Nor has Johnson shown that pursuit of his suggested investigative steps would have led to a reasonable probability of a different verdict. To the contrary, the Court agrees with the government that "[b]ecause [Johnson's] theory was contradicted by the facts, both as uncovered in counsel's investigation and as presented by the government at trial, he suffered no prejudice from the purported failure of his attorney to adequately pursue, prepare and present such a defense at trial." (D.I. 303 at 17)

B. Ineffective Cross-Examination

Johnson contends that Counsel was ineffective in cross-examination of government witnesses. (D.I. 294 at 27-34) In particular, among others, Johnson faults Counsel's examinations of IRS Revenue Agent Louis Rosenblum; Winston Chang and James Palmisano of Standard and Poor's; Jarius DeWalt of M.R. Beal; FBI Special Agent Peter Gangel; and former HCCC employee Tony Grant.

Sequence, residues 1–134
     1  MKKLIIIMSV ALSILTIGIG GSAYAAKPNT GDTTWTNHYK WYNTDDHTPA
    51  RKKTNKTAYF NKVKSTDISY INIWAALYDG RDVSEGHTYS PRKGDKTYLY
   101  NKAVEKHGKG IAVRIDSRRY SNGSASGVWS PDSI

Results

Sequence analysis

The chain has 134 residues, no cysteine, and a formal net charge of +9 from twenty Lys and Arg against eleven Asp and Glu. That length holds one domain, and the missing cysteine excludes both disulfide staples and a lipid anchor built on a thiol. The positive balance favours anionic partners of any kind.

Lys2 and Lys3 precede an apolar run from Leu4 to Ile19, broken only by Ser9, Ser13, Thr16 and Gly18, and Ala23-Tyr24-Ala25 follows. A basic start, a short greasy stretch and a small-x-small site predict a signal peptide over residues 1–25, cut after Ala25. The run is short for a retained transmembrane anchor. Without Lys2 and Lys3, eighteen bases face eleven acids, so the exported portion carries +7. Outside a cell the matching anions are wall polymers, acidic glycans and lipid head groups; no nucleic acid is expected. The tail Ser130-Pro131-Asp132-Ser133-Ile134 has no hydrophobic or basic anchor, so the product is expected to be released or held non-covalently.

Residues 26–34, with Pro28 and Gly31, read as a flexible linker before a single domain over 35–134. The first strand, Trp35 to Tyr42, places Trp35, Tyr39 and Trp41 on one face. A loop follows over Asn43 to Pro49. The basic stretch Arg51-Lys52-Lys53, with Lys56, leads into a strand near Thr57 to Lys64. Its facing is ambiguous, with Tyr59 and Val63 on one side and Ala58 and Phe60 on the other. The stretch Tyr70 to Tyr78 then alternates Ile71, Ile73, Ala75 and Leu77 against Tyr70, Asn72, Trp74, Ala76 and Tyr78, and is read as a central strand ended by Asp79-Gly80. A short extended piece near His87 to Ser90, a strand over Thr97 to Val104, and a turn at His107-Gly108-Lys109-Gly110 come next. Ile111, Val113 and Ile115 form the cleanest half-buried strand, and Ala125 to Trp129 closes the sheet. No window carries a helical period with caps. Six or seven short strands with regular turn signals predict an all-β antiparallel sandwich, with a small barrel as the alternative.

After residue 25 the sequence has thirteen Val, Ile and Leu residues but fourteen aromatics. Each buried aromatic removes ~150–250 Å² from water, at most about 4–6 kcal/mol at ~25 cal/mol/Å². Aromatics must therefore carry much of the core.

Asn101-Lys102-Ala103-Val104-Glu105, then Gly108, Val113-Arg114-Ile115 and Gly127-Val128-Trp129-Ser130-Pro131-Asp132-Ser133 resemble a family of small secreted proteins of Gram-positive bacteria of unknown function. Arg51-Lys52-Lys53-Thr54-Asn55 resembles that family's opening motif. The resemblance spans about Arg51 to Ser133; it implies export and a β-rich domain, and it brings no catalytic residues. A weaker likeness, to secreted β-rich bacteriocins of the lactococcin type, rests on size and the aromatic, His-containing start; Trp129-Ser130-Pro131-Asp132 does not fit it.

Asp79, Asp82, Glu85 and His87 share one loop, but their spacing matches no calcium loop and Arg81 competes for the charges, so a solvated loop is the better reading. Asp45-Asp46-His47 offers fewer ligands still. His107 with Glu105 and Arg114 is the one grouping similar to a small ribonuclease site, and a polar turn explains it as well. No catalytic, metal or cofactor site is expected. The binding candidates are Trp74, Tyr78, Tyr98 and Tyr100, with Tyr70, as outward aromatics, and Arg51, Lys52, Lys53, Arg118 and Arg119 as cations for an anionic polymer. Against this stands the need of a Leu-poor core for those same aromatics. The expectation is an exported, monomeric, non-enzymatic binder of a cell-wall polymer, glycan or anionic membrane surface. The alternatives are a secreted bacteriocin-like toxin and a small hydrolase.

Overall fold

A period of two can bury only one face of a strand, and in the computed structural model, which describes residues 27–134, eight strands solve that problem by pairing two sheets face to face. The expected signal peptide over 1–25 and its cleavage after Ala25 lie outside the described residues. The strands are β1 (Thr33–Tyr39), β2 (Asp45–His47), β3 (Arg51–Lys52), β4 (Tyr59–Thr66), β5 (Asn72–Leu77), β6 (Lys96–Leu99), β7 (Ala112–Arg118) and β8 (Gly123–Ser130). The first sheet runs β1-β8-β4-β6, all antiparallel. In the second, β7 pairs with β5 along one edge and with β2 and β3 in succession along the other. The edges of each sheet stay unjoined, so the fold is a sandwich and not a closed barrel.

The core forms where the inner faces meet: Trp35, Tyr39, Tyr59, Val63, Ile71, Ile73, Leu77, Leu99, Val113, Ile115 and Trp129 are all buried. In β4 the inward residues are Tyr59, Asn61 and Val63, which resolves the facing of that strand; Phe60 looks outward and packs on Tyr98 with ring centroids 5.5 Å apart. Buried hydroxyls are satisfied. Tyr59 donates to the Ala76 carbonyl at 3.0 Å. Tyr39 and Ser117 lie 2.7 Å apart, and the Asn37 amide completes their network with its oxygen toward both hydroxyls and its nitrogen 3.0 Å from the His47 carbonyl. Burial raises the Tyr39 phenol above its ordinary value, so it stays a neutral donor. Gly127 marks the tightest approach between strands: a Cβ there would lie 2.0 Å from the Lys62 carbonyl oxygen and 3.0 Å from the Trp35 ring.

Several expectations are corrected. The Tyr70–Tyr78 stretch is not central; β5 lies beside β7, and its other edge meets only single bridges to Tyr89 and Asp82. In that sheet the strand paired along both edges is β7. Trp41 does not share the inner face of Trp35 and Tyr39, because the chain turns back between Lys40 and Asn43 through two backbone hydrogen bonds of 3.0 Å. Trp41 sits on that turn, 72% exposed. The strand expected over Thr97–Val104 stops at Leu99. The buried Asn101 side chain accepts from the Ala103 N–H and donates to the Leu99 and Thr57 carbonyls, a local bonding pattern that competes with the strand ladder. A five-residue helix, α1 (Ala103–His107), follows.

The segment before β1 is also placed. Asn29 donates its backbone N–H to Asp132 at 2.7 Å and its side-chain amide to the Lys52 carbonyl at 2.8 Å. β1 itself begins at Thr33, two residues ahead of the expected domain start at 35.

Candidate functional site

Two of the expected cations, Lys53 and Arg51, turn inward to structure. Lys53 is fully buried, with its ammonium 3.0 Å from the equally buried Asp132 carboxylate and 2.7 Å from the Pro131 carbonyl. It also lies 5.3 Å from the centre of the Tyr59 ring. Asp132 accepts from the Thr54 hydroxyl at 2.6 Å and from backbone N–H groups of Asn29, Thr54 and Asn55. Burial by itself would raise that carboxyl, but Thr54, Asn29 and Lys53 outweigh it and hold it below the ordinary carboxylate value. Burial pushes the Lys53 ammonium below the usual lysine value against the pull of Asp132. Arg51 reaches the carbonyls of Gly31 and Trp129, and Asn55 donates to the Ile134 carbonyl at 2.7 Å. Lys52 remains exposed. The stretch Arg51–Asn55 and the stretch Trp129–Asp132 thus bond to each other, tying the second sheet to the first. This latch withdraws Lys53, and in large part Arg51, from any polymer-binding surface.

The Court has reviewed the trial testimony, as well as Counsel's discussion of his strategic decisions (see D.I. 303-4 at 5-8), and finds no basis to conclude that Counsel's cross-examination fell below an objective standard of reasonableness. For example, despite Johnson's contention that Counsel inadequately examined DeWalt by neglecting to question his conflicting interests in a BCLOC transaction (D.I. 294 at 30-31), in fact Counsel did question DeWalt along these lines during trial (D.I. 303-4 at 8; D.I. 303 at 18). Johnson faults Counsel for not eliciting evidence showing Special Agent Gangel's lack of expertise (D.I. 294 at 29-30), but Gangel did not provide expert testimony (D.I. 303 at 19; D.I. 303-4 at 7). In the end, Johnson has failed to meet his burden on either prong of the Strickland test. See generally Hess v. Mazurkiewicz, 135 F.3d 905, 908 (3d Cir. 1998) (holding that counsel's strategic trial decisions are accorded great deference).

C. Failure to Object to Government Exhibits